Brief Bank # B-539
COURT OF APPEAL OF THE STATE OF CALIFORNIA
THIRD APPELLATE DISTRICT
PEOPLE OF THE STATE OF )
CALIFORNIA, ) No. 3 Crim. C009984
Plaintiff and )
Respondent, ) San Joaquin Superior
HARRY D. L., )
Defendant and )
APPELLANT’S OPENING BRIEF
Appeal from the Superior Court of San Joaquin County
Honorable JAMES P. DARRAH, Judge
2626 Harrison Street
Oakland, CA 94612
Attorney for Appellant
HARRY D. L.
in wait” and, if so, to return a first degree murder verdict.
Mr. L. submits that there were substantial jury questions as to whether or not the “lying in wait” was with the required purpose of killing or injuring the victim, or simply a coincidental antecedent to the murder. Because the basis on which the jury returned a first degree verdict cannot be determined, reversal is required. People v. Guerra (1985) 40 Cal.3d 377, 388; People v. Green (1980) 27 Cal.3d 1, 69‑70; People v. Sellers (1988) 203 Cal.App.3d 1042, 1055; People v. Houts (1978) 86 Cal.App.3d 1012, 1020.
The judgment of conviction should be reversed, and the matter should be remanded. If there has been no other error creating prejudice as to the murder verdict itself, the prosecutor should be offered an election whether to permit reduction to a conviction of second degree murder, or to retry the case. See Penal Code section 1260.
THE “LYING IN WAIT” INSTRUCTION GIVEN HERE REFLECTS AN INCORRECT VIEW OF CALIFORNIA LAW, BECAUSE IT FAILS TO REQUIRE THAT THE “LYING IN WAIT” BE THE “MEANS” BY WHICH THE MURDER WAS ACCOMPLISHED.
Mr. L. submits that there was an additional problem with CALJIC No. 8.25, above and beyond that already discussed in Argument I. That defect involves the focus of the instruction on the temporal relationship between the period of watching and waiting, and the murder; Mr. L. submits the emphasis should be on the causal relationship.
Mr. L. contends that the policy considerations which gave rise to and sustain lying in wait first-degree murder in California favor a version of the doctrine which requires, in addition to an intent during the period of watching and waiting to inflict injury, a causal relationship between the lying in wait and the murder. Mr. L. believes that the lying in wait decisions of the Supreme Court support this belief.
As already noted, above, a case of major significance in this area is People v. Tuthill,[i] supra. The defendant in Tuthill urged, inter alia, that “in order to commit a murder ‘by means of . . . lying in wait . . .'(Pen. Code § 189), the lying in wait must be the ‘means,’ method or proximate cause by which the defendant is enabled to kill his victim before he can escape . . .” This contention the Supreme Court accepted, with apparent approval. This concept of “the ‘means’ through which defendant accomplished his purpose” has become lost in the current CALJIC statement of the doctrine, which is concerned solely with the temporal proximity of the waiting to the killing.
For many years, this was not the case. For example, in People v. Thomas,[ii] supra, the Supreme Court approved an instruction referring to “[m]urder which is perpetrated by lying in wait . . . .” In People v. Ward,[iii] the lying in wait instruction retained the significant language, “perpetrated by means of lying in wait . . .” People v. Ward, supra, at 228 n.2. However, in Benjamin[iv] the drift was clearly off the course set by Tuthill and Thomas. The instructions given in Benjamin substituted the term “immediately preceded by lying in wait” for “perpetrated by means of lying in wait.” People v. Benjamin, supra, at 81. In other words, the Benjamin instructions did away with the causal view of lying in wait and substituted a temporal approach.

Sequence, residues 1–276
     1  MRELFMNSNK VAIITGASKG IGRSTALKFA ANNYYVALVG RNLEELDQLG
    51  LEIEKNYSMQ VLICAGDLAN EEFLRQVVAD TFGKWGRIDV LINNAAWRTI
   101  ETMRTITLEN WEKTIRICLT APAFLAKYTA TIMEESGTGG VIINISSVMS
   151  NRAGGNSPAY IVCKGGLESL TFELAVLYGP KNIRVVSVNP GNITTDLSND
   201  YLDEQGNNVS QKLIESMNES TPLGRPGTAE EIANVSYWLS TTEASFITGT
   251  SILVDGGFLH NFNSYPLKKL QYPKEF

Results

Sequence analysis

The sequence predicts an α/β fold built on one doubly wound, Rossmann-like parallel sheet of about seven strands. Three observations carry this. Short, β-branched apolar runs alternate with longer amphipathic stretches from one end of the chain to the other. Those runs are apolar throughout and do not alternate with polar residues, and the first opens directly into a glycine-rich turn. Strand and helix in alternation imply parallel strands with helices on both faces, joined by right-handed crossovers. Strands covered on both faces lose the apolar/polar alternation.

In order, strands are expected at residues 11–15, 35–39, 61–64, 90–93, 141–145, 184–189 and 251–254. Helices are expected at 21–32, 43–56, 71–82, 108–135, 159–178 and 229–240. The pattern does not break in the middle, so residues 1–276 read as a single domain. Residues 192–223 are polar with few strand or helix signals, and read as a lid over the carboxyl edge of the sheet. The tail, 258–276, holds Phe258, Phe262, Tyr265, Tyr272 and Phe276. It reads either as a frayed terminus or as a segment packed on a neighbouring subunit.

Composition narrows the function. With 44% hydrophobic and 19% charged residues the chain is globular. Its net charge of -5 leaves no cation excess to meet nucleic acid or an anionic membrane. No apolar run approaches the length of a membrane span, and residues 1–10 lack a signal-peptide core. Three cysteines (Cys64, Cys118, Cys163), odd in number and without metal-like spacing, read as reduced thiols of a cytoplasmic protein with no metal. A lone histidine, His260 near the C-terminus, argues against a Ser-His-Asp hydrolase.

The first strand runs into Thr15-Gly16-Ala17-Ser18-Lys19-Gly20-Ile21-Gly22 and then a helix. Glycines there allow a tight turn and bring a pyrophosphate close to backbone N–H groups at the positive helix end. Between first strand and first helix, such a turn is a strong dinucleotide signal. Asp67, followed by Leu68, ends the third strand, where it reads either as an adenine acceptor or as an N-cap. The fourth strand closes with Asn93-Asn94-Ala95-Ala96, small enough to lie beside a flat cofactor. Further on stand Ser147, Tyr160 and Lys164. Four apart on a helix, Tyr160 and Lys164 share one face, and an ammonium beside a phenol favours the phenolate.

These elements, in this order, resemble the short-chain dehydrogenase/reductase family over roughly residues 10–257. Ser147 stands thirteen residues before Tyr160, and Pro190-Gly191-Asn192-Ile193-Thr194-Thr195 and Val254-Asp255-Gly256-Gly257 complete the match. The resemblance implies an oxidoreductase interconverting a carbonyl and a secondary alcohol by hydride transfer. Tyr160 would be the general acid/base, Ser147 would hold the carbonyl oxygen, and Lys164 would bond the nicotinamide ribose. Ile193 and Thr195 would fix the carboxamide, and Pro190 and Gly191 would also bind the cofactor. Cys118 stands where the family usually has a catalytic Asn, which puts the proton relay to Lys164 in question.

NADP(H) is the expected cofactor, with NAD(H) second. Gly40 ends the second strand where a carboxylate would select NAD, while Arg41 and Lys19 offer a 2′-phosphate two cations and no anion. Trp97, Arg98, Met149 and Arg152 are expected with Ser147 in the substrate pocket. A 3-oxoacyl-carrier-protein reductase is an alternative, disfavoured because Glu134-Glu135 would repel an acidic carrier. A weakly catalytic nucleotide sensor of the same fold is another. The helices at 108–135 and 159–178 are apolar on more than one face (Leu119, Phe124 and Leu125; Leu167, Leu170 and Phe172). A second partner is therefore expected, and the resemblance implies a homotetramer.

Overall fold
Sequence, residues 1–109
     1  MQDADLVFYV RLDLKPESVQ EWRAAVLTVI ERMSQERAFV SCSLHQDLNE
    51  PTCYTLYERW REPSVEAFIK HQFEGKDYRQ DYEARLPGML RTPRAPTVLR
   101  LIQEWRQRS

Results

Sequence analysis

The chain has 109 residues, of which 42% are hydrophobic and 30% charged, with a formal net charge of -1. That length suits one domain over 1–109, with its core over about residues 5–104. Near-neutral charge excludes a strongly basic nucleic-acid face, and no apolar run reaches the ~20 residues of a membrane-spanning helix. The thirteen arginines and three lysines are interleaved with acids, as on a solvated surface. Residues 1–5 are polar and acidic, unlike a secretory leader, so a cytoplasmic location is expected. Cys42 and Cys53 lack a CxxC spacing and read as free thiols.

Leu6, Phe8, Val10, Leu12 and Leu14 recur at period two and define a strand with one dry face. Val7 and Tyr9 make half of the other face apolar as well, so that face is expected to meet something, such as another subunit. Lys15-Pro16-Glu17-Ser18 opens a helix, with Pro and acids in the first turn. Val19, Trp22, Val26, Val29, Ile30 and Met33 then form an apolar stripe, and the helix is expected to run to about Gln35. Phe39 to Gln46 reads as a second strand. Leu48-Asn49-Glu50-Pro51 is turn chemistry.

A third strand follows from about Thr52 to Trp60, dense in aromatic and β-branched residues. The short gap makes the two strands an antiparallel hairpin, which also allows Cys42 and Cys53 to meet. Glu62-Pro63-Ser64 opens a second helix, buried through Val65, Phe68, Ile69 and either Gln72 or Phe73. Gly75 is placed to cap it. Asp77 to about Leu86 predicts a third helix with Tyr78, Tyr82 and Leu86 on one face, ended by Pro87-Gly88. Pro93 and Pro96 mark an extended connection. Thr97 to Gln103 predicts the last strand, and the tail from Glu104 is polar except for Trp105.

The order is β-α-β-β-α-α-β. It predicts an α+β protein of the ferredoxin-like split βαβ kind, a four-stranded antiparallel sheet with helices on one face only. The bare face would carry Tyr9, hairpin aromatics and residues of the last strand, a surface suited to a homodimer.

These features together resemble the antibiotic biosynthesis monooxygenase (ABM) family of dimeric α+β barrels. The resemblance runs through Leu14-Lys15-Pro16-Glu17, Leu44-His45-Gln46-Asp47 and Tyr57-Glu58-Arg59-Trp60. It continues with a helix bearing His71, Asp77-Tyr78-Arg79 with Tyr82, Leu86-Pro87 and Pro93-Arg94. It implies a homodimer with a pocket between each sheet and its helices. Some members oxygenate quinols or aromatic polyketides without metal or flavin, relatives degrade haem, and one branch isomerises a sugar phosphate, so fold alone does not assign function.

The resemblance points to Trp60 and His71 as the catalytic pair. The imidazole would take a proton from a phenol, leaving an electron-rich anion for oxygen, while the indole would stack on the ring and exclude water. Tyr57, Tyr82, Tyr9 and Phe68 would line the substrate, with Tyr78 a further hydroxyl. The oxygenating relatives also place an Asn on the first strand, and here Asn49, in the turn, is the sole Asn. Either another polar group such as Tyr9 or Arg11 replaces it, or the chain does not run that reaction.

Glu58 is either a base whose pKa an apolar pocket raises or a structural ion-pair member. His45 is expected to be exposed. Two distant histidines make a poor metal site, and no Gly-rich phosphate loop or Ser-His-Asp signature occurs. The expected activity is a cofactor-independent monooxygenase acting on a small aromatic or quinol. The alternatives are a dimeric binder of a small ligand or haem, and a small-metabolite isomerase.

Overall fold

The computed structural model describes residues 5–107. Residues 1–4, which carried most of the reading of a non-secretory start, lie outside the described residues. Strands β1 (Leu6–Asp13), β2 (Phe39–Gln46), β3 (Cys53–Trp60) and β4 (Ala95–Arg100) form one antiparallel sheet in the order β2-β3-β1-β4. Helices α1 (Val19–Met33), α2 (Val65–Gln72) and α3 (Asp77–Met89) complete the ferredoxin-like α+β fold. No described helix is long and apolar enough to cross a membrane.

As currently written, CALJIC No. 8.25 has no language even suggesting that there need be a causal relation between the lying in wait and the murder, and is at odds with the language of the statute itself. It did not refer to “perpetrated by,” as in Thomas, Atchley,[v] and Ward; or “accomplished by,” as in Ward; or the “means by which,” as mentioned in Tuthill. The phrase selected was “immediately preceded by,” a term merely of temporal relationship. The instruction is inadequate to articulate the elements of lying in wait murder as defined by the Supreme Court.
Mr. L. submits that he was plainly prejudiced by the defect in the instruction. Under the facts of this case, it is not at all clear that the fact of riding around in a car was a causal prerequisite to the act causing death. Furthermore, even if this error, considered alone, is deemed problematic in terms of its prejudicial effect, the error cannot be evaluated fairly without reference to the other errors in the case, and Mr. L. benefits from the rule that a single error insufficient to establish prejudice may be considered cumulatively with other errors to demonstrate that prejudice resulted. See People v. Buffom (1953) 40 C.2d 709, 726; People v. Zerillo (1950) 36 C.2d 222, 233; and People v. Hatchett (1944) 63 C.A.2d 144, 152.[vi] In short, there was a deficiency in CALJIC No. 8.25, beyond that discussed in Argument I, and the deficiency resulted in prejudice to Mr. L. because the jury was not required to find on a necessary element of lying in wait.
[i] PEOPLE V. TUTHILL (1947) 31 C2d 92; 187 P2d 16 [ii] PEOPLE V. THOMAS (1953) 41 C2d 470; 261 P2d 1 [iii] PEOPLE V. WARD (1972) 27 CA3d 218; 103 CR 671 [iv] PEOPLE V. BENJAMIN (1975) 52 CA3d 63; 124 CR 799 [v] PEOPLE V. ATCHLEY (1959) 53 C2d 160; 346 P2d 764 [vi] See, also, People v. Malone (1988) 47 C.3d 1, 56, and People v. Lucky (1988) 45 C.3d 259, 303, in which cases the Supreme Court considered the cumulative effect of errors in capital cases yet found no prejudice.